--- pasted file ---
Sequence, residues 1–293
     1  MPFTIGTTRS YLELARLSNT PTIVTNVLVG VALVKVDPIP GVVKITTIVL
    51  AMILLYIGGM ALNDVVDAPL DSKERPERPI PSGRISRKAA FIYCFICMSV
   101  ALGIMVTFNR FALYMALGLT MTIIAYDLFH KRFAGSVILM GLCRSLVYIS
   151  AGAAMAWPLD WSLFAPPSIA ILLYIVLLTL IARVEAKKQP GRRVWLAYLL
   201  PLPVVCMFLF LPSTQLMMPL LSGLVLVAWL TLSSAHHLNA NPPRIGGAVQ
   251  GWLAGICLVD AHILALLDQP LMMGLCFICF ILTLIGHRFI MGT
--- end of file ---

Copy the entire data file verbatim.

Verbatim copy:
Sequence, residues 1–293
     1  MPFTIGTTRS YLELARLSNT PTIVTNVLVG VALVKVDPIP GVVKITTIVL
    51  AMILLYIGGM ALNDVVDAPL DSKERPERPI PSGRISRKAA FIYCFICMSV
   101  ALGIMVTFNR FALYMALGLT MTIIAYDLFH KRFAGSVILM GLCRSLVYIS
   151  AGAAMAWPLD WSLFAPPSIA ILLYIVLLTL IARVEAKKQP GRRVWLAYLL
   201  PLPVVCMFLF LPSTQLMMPL LSGLVLVAWL TLSSAHHLNA NPPRIGGAVQ
   251  GWLAGICLVD AHILALLDQP LMMGLCFICF ILTLIGHRFI MGT